When one of the audience at the Forum asked of the panel whether Coventry ever checked on who the match day officials were when preparing for a game, Scott Morgan’s answer suggested that no only did they do so, but they also did their homework on the referee.
Whilst it was never said, there appeared to be a tacit admission that referees needed to be ‘played’ and knowledge of the idiosyncrasies of a particular referee could, in some instances, prove the deciding factor in a match which is very tight and the difference between the two teams might be, perhaps, just a single penalty. I might be reading too much in into what wasn’t said, but the wry smiles on the night suggest I’m not. Knowing, for instance, that one particular referee has a tendency to penalise scrummaging more than another could, for instance, work in your favour when you are in the opposition’s red area or another might be far more lenient as far as lineouts are concerned, allowing a team to narrow the gap or bunch more than the laws permit. And who’s to blame a team who take’s advantage of such knowledge; isn’t it just part of a team’s thorough preparation? The Cov crowd is pretty unforgiving at times and has a long memory. Often on the messageboard prior to a Saturday game, the referee and his assistants are usually named and, well, as I said before, sometimes crowds can be unforgiving. The point I’m making is, if spectators remember previous matches and the performances of a particular referee, then so too will clubs.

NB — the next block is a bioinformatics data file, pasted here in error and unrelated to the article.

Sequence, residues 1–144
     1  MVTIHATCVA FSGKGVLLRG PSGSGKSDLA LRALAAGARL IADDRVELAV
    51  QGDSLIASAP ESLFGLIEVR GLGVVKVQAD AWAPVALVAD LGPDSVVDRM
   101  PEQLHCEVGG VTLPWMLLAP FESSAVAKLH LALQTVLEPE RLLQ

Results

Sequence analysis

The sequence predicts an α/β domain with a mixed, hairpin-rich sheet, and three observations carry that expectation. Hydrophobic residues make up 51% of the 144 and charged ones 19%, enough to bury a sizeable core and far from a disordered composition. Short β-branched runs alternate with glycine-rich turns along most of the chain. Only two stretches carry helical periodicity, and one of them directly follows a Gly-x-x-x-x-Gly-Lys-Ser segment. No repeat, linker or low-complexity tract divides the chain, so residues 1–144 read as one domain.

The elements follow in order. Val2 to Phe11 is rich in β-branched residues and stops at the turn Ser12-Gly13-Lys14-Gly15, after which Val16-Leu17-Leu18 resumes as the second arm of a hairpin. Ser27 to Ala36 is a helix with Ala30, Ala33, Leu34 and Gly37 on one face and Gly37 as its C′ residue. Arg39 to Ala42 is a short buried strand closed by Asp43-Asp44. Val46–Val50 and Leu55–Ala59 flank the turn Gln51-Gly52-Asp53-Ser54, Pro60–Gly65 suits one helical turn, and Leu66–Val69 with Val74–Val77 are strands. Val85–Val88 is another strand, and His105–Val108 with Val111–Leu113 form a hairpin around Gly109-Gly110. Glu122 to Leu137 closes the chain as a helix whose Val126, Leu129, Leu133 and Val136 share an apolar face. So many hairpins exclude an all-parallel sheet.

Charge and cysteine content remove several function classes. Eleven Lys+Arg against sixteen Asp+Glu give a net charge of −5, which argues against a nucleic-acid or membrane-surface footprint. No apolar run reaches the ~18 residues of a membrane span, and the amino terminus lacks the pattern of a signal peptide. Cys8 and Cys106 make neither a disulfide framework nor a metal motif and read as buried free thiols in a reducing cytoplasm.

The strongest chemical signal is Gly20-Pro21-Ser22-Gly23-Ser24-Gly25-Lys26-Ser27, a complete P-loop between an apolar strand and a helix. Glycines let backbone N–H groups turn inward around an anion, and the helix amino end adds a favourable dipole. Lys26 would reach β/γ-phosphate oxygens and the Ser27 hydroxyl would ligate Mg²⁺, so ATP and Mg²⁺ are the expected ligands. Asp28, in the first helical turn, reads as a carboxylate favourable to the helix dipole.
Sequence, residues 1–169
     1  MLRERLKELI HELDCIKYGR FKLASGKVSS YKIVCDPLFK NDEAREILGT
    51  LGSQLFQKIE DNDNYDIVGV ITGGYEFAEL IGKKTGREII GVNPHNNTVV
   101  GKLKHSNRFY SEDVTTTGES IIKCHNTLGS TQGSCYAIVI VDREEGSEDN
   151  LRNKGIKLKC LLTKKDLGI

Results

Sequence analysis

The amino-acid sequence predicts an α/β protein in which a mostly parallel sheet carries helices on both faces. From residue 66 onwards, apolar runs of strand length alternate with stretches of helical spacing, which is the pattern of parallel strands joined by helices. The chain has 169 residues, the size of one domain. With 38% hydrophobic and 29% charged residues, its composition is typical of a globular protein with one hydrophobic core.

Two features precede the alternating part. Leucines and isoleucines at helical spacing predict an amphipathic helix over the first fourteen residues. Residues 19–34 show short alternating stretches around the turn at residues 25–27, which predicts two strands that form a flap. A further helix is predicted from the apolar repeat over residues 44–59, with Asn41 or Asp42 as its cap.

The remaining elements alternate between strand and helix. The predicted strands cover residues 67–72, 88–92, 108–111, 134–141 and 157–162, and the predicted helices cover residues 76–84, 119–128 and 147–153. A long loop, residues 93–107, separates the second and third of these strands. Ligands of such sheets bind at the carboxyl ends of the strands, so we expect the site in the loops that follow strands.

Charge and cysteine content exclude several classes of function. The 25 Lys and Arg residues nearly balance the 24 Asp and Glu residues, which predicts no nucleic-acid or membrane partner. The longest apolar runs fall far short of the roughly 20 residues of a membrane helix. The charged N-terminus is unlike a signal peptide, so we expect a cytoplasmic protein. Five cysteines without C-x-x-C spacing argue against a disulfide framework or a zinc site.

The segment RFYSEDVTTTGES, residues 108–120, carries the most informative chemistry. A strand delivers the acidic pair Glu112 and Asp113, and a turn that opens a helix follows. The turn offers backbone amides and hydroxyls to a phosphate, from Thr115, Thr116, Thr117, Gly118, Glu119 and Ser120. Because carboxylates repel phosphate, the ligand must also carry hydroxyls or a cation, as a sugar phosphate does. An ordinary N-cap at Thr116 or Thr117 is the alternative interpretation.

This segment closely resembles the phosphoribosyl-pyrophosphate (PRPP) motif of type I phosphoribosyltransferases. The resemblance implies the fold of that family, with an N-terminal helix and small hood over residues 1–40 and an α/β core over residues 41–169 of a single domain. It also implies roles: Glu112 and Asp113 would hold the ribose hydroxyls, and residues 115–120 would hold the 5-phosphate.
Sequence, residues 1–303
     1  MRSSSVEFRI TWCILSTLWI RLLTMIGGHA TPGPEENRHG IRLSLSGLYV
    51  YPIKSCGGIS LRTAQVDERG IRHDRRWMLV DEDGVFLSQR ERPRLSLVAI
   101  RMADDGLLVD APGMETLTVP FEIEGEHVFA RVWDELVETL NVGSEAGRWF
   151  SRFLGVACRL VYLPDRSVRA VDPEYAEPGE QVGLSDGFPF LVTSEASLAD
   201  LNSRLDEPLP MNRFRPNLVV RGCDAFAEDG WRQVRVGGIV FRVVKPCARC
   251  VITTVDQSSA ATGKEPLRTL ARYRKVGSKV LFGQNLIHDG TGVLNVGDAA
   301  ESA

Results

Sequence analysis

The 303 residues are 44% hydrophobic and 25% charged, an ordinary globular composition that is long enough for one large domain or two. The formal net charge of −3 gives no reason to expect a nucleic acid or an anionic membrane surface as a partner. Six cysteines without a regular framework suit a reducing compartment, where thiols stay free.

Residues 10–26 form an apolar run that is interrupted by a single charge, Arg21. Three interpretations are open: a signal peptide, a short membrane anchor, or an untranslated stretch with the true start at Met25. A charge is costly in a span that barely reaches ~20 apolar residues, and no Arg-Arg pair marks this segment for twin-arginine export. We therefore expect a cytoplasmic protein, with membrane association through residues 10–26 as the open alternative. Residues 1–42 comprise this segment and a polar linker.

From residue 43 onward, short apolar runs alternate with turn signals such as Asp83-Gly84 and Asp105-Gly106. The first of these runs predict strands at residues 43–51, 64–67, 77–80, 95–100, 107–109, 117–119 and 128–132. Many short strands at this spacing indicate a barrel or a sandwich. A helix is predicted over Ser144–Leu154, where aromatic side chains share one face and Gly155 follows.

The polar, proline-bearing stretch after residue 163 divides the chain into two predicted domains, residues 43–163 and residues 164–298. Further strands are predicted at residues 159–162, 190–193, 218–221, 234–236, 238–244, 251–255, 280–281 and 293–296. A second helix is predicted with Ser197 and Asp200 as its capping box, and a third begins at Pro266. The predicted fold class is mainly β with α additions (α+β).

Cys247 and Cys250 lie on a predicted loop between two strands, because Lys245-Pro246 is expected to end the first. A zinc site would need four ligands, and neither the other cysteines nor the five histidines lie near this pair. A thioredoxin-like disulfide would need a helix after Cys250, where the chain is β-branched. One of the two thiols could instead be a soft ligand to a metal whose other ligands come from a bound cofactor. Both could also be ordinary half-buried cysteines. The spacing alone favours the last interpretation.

One of the things that annoys a crowd about referees, particularly in our league (National 1), is inconsistency. Referees who penalise a particular offence on one occasion, but let it go the next, tend to create uncertainty on the pitch and frustration off it. Good referees, and I honestly think that we see a lot of good referees at the Butts over the course of a season, talk to the players and explain their decisions. Good communication is vital and certainly Cov crowds are far less likely to get on a referee’s back if they know what it is that the referee is particularly unhappy about. Clear signals, made obvious to the players and crowd alike, tend to avoid confusion, as does a referee who talks regularly to his assistants. Officials who work together, as a team, make for greater consistency.
No one wants a ‘whistle happy’ referee, but one who insists, for instance, on setting and resetting scrums all through the game is never going to please the crowd and as likely as not the game won’t flow. However, a referee who makes his presence felt in the first 15 minutes to the point that players know what can and can’t get away with, is more likely to ensure a more whistle free remaining 65 minutes. Teams quickly realise that if they transgress the laws, they will get penalised. Failure on the part of the referee to punish teams that do transgress results in ill-discipline on the part of individual players and the whole rugby spectacle is ruined. There needs to be a common sense approach and the best referees seems to be able to judge the situation and where appropriate make good use of the advantage rule to keep a game free-flowing.
Coaches inevitably work with their teams to push the limits of the laws, in attempt to gain an additional advantage, making life very difficult for referees and their assistants. Often in scrums and lineouts there are several offences happening at the same time and it is sometimes hard to determine who is most at fault. Refereeing must be a thankless task at times and pressures on referees are immense. Odd mistakes will always occur, wrong decisions which result in points conceded, but I do think that very, very few results are actually determined by poor refereeing. Refs are an easy target, and sometimes we lay the blame squarely on their shoulders when perhaps we should be looking at the weaknesses in our teams.